Here are three impressions (and their implications) from my brief experience of “Bush Alaska”. 

  • Life is hard—just ordinary everyday life. Options are extremely limited. Everything takes longer, costs more, and requires significantly more effort. For example: The store is days or weeks away. One of our team ordered (online!) some caulk from an orange-colored “big box” store so that we could complete a project. It took three days to arrive by air. The shipping cost as much as those few tubes of caulk.  Installing and insulating a floor required far greater care than typical “Lower 48″ construction. Sealing in heated air and sealing out -60 or colder outside air is critical. In addition,moisture cannot be allowed to condense in the insulation. Condensation forms ice balls, which melt when the weather warms and ruin the insulation. Every staple-hole and other opening in the vapor barrier has to be covered with ubiquitous red tape. C) Hunting is about survival, not sport. A moose head complete with antlers greeted us as we arrived for our first day of work. The neighbors had gotten their moose. The family would eat well all winter. They spent much of the next few days in the yard (too cold for flies) butchering and wrapping the meat for the freezer. We’d noticed large screw eyes in the center of the main room of most of the homes. One day someone saw a chunk of meat hanging from one. Folks routinely hang the meat to cure it right in the center of the house as they have for—a long time. Hundreds of families had lost freezers full of meat when the flood had hit last May and power was lost. Those freezers were immediately flown out in order to prevent disease from spreading in the community. As moose season drew to a close in late September, we shared both the joy of families with full freezers and the anxiety of those who hadn’t yet gotten their moose. It was a legitimate and serious subject for prayer during Sunday worship.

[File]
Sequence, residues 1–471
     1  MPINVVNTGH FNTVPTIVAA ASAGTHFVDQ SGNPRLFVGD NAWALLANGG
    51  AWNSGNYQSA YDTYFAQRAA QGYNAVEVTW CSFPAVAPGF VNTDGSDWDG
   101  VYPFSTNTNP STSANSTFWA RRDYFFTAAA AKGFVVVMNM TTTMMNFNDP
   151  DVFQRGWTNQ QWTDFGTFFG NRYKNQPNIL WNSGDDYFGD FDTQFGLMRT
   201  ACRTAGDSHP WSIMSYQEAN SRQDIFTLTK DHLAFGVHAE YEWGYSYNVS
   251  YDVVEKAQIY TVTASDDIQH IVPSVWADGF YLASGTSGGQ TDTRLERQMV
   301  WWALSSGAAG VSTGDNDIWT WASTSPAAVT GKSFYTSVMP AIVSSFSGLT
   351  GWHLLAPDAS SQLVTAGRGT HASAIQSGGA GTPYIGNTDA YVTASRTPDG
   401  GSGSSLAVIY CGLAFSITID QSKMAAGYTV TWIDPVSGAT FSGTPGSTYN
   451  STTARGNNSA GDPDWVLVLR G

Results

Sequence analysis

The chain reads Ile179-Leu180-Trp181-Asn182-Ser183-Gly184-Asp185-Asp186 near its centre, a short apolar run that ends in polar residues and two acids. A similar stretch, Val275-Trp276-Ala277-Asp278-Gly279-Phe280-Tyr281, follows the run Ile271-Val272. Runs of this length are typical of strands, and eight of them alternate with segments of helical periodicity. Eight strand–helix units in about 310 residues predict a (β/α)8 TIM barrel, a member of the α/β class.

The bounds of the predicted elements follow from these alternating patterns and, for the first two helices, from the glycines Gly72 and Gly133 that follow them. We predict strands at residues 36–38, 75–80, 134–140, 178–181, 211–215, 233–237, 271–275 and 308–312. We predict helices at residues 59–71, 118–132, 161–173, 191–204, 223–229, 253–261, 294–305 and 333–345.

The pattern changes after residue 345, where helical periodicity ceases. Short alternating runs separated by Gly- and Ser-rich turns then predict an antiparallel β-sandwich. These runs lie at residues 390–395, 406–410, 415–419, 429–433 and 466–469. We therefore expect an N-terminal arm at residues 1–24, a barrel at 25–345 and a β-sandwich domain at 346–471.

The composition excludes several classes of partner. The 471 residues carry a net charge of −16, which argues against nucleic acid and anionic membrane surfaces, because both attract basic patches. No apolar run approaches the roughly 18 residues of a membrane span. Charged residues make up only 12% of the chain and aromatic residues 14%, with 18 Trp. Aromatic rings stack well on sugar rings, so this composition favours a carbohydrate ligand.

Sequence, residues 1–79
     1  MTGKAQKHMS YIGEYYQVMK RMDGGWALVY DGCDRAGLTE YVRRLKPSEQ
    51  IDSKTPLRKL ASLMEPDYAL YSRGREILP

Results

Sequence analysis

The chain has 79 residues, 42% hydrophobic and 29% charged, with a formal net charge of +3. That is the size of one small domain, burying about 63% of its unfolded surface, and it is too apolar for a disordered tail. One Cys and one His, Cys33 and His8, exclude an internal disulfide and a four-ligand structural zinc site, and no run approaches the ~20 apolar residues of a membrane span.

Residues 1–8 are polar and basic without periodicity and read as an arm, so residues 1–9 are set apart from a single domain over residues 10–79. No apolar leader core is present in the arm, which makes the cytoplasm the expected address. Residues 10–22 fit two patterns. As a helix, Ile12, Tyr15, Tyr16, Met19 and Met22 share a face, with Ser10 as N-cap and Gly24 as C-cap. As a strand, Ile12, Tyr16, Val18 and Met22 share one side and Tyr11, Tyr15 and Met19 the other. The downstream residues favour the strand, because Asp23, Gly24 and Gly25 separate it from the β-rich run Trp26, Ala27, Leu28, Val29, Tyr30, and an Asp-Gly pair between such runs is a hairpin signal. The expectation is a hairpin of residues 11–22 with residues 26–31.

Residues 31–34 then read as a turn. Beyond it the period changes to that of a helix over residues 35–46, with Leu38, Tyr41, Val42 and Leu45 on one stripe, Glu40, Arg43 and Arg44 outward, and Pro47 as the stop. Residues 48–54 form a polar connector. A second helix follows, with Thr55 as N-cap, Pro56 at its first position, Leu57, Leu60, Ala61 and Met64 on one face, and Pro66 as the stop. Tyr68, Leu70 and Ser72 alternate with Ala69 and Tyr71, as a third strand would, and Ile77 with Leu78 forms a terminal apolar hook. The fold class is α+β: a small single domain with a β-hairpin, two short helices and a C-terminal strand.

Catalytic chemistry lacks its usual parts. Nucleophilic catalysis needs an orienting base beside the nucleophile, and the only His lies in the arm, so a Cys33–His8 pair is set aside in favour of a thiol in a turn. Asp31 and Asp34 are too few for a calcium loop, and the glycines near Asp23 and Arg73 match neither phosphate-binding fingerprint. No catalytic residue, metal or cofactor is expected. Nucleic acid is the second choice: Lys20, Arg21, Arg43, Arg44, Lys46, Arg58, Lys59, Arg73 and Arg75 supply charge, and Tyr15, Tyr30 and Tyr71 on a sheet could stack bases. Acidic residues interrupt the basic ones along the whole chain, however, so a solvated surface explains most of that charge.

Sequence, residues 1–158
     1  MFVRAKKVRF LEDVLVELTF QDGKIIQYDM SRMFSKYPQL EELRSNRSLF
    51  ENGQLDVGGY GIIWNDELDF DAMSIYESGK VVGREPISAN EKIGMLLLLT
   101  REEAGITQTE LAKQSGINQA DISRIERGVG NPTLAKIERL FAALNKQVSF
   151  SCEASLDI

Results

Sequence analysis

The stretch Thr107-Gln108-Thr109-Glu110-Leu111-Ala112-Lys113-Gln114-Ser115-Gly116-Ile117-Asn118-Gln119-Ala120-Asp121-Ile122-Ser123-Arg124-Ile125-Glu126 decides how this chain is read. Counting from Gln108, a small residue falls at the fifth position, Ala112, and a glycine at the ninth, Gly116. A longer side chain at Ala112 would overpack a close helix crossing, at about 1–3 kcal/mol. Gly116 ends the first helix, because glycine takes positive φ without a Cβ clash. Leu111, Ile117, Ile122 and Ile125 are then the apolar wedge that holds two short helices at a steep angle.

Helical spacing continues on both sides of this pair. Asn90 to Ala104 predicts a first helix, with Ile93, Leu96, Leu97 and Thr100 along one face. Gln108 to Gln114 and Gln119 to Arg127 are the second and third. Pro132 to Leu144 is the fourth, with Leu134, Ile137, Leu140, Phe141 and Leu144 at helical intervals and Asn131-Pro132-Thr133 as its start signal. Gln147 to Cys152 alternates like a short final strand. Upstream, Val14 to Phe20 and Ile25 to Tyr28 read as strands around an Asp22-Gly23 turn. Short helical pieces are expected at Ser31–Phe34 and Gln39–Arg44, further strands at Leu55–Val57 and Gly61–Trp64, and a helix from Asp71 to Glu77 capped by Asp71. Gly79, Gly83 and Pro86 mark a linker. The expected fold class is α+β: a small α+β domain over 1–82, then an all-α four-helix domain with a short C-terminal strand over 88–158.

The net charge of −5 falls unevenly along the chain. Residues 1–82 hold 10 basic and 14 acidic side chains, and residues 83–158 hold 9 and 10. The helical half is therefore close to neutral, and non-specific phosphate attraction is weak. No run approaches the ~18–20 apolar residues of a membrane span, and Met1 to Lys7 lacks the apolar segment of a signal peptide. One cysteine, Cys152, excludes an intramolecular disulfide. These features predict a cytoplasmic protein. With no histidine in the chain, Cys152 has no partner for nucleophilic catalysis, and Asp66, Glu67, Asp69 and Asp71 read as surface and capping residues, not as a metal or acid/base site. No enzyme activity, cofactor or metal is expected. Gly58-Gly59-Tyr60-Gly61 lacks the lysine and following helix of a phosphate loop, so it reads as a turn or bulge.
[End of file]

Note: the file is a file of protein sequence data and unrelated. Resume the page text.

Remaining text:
IMPLICATION—[Of course even the hardships in Galena pale in comparison to the Philippines typhoon we’re only now beginning to comprehend.] 1) Let’s appreciate how blessed we are and whine less. 2) Let’s be real. Everybody has hard stuff they’re going through, even though they may be hiding it well. Let’s cut each other some slack.